Missed package deliveries and broken entryway buzzers have been universal problems for New Yorkers who don’t have a doorman for ages.
Thanks to some clever new tech ventures, however, relief is spreading throughout the Big Apple’s non-service buildings.
The app Carson, for example, allows those who live in the city’s beloved little walk-ups to manage everything from paying their rent to opening the door downstairs and requesting repairs in their apartments on their phones.
“All of these things can now be done from a smart device and there’s still the security of having a doorman,” explained Andrew Barrocas, CEO of the brokerage MNS, which has Carson installed in roughly 20 of its New York City buildings.
With startups like Cyberdoorman already around for more than a decade, there is an ever-increasing variety of virtual service apps to choose from. And, like all technological platforms, they’re seemingly constantly being updated. But property owners can easily change their minds about which services to provide, Barrocas said, since making changes no longer requires breaking through walls to switch out wires.
“Before, it was a big overhaul to have to change the current systems inside a building,” he said. “Now it’s just wireless and all you need is an internet connection.”
The gap between service and non-service affects property owners too, as those with staff in their buildings can charge hefty premiums for the conveniences they provide.
According to recent data from the real estate listings site StreetEasy, New York City buildings with doormen charge an average of 8.4% more in rents and 15.8% more for sales prices than those without them. That means a $1,500 a month rental could be raised to roughly $1,620 if it comes with a doorman. Meanwhile, the equivalent of a non-service apartment with a $400,000 price tag could cost about $464,000 in a service building.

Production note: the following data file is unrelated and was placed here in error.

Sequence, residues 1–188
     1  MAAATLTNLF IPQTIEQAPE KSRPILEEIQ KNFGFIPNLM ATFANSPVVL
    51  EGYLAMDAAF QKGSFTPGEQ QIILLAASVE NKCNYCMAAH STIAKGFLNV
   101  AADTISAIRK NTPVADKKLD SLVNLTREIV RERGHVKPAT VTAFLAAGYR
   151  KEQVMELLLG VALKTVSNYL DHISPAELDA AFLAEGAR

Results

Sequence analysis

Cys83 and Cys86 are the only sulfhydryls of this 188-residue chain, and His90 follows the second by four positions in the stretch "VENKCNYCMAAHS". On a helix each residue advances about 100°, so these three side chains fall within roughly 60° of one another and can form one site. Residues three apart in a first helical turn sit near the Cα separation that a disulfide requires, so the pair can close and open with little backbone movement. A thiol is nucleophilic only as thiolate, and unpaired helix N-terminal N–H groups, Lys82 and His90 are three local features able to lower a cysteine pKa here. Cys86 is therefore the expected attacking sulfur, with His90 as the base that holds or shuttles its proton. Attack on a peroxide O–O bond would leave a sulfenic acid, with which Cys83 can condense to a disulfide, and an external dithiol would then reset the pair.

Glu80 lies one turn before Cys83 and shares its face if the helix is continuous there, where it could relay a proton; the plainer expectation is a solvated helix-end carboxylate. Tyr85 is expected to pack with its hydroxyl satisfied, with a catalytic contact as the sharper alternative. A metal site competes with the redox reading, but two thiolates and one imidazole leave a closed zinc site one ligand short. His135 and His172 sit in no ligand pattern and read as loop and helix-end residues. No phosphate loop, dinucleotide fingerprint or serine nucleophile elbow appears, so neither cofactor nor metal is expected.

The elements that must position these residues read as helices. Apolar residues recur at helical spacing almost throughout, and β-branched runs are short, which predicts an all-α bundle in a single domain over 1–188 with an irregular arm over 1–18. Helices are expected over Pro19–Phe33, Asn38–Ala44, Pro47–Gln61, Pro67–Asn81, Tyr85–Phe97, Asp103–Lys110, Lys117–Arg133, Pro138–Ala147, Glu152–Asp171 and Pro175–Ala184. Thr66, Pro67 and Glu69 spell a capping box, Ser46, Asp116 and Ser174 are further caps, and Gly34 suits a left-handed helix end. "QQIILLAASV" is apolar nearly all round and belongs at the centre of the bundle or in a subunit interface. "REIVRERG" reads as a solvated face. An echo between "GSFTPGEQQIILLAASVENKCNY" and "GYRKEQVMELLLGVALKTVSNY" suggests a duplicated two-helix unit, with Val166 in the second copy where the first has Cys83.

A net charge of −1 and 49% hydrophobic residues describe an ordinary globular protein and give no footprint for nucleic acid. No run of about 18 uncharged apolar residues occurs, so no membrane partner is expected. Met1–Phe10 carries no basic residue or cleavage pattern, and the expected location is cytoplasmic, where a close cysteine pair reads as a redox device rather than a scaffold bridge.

However, just like not everyone can afford to live in a doorman building, not all landlords have the means to hire staff. According to StreetEasy, 46% of New York City rentals currently don’t have doormen. Those who own apartments are even less likely to have them, as 73% of the city’s condos and c0-ops are non-service, the site found.
But while letting in the cat-sitter and house-cleaner while you’re at work can cause quite a headache, the biggest issue for buildings without staff is security, noted Angel Guzman, managing director of new development rentals with the brokerage Citi Habitats.
To combat everything from theft to weekend Airbnb rentals, which are illegal in New York City and can result in fines for property owners, the firm is so far using two different video intercom systems in some of its non-doorman buildings: ButtferflyMX and Latch, which allow entry via access codes.
“They definitely help those smaller landlords to really be in-tune to what’s happening with their property,” Guzman said. “If every week they see you’re giving out your key code to different people, it looks a little suspicious.”
Latch, which is now installed in thousands of buildings in New York City alone, goes so far as to screen package delivery drivers before they can enter a building. The company’s CEO, Luke Schoenfelder, said the average New Yorker loses more than two days of time per year waiting to let visitors inside. “Our goal is to eliminate that,” he said.
Schoenfelder lives in a non-doorman building on the Lower East Side in Manhattan and, though his opinion is a bit biased, said his own life is drastically improved with the service.
“We’re in a period of time where cities are becoming more desirable places to live and the way that we’re living is changing,” he said. “But in so many cases, having your dog walked and packages delivered are held back by a lack of access.”